The Governor of Hong Kong, Chris Patten, yesterday defended democracy in the Colony, dismissing arguments by some Asian leaders that autocratic governments were better at making tough decisions necessary for economic growth.
"Liberty and the institutions which sustain it have certainly not imperilled economic growth in Hong Kong," Mr Patten told 200 executives from leading multinationals at a conference organised by Fortune magazine.
Mr Patten, whose campaign for more democracy in Hong Kong has been criticised in Singapore as being counter-productive, said he did not subscribe to arguments that democracy and a free press were Western ideals. "My contribution to that debate is to say that it's certainly not an argument between West and East".
At a news conference later, Mr Patten said his speech was not a riposte to remarks by Singapore's Senior Minister, Lee Kuan Yew, made during a visit to Hong Kong in 1992. Mr Lee had said that Peking could view Mr Patten's push for democracy in the Colony as an Anglo-American conspiracy to influence the democratisation movement in China, with Hong Kong as a pawn. But in apparent reference to Mr Lee, Mr Patten said that while he was not sure whether there was a difference between Asian and Western values, his own principles would not permit him "to criticise other countries when you go and speak in them".
"My speech today is about Hong Kong," said Mr Patten. He appealed to China to respect the "rule of law" after it gains control in 1997. Hong Kong was "a community, not a Lego set" to be taken apart and reassembled by China, he said.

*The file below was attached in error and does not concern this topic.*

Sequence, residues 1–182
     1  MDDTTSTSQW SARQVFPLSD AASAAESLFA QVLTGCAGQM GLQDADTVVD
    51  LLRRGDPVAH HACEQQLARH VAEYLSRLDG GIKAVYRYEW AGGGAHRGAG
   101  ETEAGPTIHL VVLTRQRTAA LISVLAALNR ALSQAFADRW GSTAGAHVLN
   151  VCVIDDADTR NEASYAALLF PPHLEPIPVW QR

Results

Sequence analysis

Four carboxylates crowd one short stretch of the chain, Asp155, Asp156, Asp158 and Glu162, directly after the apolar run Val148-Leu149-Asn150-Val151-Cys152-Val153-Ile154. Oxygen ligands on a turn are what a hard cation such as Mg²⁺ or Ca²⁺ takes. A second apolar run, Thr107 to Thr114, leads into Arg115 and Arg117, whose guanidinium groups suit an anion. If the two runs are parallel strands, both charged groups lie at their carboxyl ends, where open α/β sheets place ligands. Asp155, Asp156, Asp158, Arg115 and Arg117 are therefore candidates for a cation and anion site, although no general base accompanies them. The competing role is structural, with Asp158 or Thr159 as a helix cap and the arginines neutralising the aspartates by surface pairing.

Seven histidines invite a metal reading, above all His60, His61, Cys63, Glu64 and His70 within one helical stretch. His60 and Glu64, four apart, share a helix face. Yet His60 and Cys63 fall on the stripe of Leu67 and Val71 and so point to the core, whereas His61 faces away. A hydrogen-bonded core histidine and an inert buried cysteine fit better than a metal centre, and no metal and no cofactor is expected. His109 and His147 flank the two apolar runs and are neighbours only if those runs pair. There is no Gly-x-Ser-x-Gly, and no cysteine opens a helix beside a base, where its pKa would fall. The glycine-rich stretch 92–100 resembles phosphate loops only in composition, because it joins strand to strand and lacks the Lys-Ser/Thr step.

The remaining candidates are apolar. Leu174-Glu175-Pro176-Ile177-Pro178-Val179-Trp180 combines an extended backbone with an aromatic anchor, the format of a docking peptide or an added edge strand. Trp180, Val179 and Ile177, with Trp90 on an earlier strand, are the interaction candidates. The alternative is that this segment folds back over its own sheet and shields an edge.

Referring to a declaration between China and Britain which guarantees that the Colony's capitalistic way of life must survive for 50 years after the Chinese take over, Mr Patten said, "I hope to persuade the Chinese officials that they can trust Hong Kong, that their concern be the hearts and minds of the Hong Kong people instead of just valuable real estate."
His task before Britain loses possession of Hong Kong will be to ensure that China sets up a court of final appeal which will take over from the Governor's privy council, which administers the Colony.
"Hong Kong's stability is not a threat to anyone else's security," said Mr Patten. "We're about as threatening as a pussycat."
The governor also said he wanted to obtain a promise from the Chinese which would safeguard the special status of Hong Kong citizens' and their rights of travel outside the Communist republic.
"This is important for their peace of mind," he said of Hong Kong's teeming 5.8 million population, many of whom fled China in the first place to escape turmoil and hardship.
Baroness Thatcher, the Singaporean Prime Minister, Goh Chok Tong, the Pakistani prime minister, Benazir Bhutto, and the former US defense secretary Dick Cheney were all at the Global Forum conference.
Although Lady Thatcher was applauded on her entrance, she attended only as a delegate. Her speech was given in private, to the 150 delegates, and she later refused to meet reporters.